Our implicit bias makes…

My Son Was Watching Netflix's "Mr. Iglesias"

My son was laughing so hard yesterday afternoon. He was watching this comedy show from Netflix called "Mr. Iglesias". Iglesias was a social studies teacher and the first scene had him summarizing American History in a a few minutes, pointing out that the first few presidents of the United States wore powdered wigs, a tradition that stopped with Monroe, but reincarnated recently with a wig dipped in 'cheetos' dust. My son thought that was really funny. With all the humor aside, the show actually deals with issues affecting basic education. Kathryn Milschewski of Carthage College writes, "Overall, “Mr. Iglesias” highlights important educational issues and helps viewers to see education through a new lens. Though, at times, the characters might seem over the top and unrealistic, this is a comedy show at heart. Viewers are supposed to laugh at the characters and have fun while watching each episode, while still learning important lessons."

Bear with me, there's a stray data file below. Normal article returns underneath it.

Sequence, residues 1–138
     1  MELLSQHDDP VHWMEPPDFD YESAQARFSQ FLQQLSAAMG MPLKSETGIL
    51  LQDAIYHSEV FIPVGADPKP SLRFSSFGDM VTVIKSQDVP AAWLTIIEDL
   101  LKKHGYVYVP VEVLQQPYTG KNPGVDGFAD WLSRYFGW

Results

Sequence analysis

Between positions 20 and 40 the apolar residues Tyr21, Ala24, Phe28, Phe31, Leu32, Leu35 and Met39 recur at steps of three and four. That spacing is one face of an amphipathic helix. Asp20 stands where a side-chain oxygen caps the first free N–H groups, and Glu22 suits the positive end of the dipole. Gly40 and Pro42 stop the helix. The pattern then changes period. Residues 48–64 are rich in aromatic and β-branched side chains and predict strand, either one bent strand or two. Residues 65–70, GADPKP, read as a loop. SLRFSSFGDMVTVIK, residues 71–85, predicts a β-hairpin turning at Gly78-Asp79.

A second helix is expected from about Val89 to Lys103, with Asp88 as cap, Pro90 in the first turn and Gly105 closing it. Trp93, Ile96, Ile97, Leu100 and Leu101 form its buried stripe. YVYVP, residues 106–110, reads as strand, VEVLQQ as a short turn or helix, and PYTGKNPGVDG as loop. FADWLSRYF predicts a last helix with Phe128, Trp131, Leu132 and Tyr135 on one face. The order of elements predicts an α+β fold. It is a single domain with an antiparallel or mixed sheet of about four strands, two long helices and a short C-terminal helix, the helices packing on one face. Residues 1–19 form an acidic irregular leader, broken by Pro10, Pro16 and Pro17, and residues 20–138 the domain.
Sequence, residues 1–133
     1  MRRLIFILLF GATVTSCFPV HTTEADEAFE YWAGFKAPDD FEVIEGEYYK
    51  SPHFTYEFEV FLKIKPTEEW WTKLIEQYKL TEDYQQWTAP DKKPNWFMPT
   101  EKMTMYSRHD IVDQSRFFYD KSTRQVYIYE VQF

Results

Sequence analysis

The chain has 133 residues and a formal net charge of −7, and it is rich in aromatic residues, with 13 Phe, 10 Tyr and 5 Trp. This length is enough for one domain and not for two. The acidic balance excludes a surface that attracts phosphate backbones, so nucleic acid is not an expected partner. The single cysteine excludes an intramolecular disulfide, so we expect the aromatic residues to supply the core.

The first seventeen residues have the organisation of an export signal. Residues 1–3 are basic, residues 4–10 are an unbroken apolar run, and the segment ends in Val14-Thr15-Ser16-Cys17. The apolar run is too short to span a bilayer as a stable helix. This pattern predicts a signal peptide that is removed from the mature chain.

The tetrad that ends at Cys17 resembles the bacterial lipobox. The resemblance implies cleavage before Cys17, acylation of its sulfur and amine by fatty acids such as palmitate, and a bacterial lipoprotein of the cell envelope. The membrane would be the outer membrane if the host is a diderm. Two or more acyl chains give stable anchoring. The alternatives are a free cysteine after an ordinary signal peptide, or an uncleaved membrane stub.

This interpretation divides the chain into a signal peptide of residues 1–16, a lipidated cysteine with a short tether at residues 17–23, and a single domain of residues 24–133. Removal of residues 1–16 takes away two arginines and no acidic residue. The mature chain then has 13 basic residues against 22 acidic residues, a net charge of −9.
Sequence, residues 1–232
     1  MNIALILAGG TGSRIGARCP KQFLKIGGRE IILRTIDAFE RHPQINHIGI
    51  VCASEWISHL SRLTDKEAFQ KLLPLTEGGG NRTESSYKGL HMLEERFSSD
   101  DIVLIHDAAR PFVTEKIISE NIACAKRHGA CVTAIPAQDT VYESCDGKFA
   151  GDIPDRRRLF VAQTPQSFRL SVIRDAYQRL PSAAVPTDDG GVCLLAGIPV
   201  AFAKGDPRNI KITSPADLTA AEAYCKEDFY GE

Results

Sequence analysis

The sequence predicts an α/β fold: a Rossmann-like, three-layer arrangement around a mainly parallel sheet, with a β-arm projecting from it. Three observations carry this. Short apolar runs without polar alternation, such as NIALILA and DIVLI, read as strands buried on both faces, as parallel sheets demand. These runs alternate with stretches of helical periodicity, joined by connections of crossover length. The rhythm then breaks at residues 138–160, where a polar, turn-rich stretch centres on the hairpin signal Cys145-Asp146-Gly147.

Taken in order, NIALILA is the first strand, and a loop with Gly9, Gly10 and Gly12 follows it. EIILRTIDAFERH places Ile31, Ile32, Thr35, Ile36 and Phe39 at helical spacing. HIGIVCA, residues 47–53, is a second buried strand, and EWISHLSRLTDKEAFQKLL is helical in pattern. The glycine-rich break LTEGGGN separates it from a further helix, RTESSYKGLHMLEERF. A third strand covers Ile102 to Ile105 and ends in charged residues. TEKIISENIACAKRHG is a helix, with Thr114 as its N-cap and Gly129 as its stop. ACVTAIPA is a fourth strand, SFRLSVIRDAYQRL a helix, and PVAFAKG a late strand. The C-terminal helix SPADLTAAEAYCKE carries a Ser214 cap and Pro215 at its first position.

There are indeed plen…

Advanced Academic Programs Are For The Rich, Not The Gifted

The devil is in the details. There is the long standing argument that enrichment programs in basic education are intended for children who show great promise in academics. A new study now shows that such programs actually favor wealth over abilities. Using data from the Early Childhood Longitudinal Study, Kindergarten cohort (ECLS-K), Jason A. Grissom and Joshua F. Bleiberg from Vanderbilt University, and Christopher Redding from the University of Florida find that socio-economic gaps in enrollment in gifted programs persist even after considering a student's achievement levels. With equivalents scores in reading and mathematics, children from wealthy families are much more likely to receive gifted services than children from poor households do.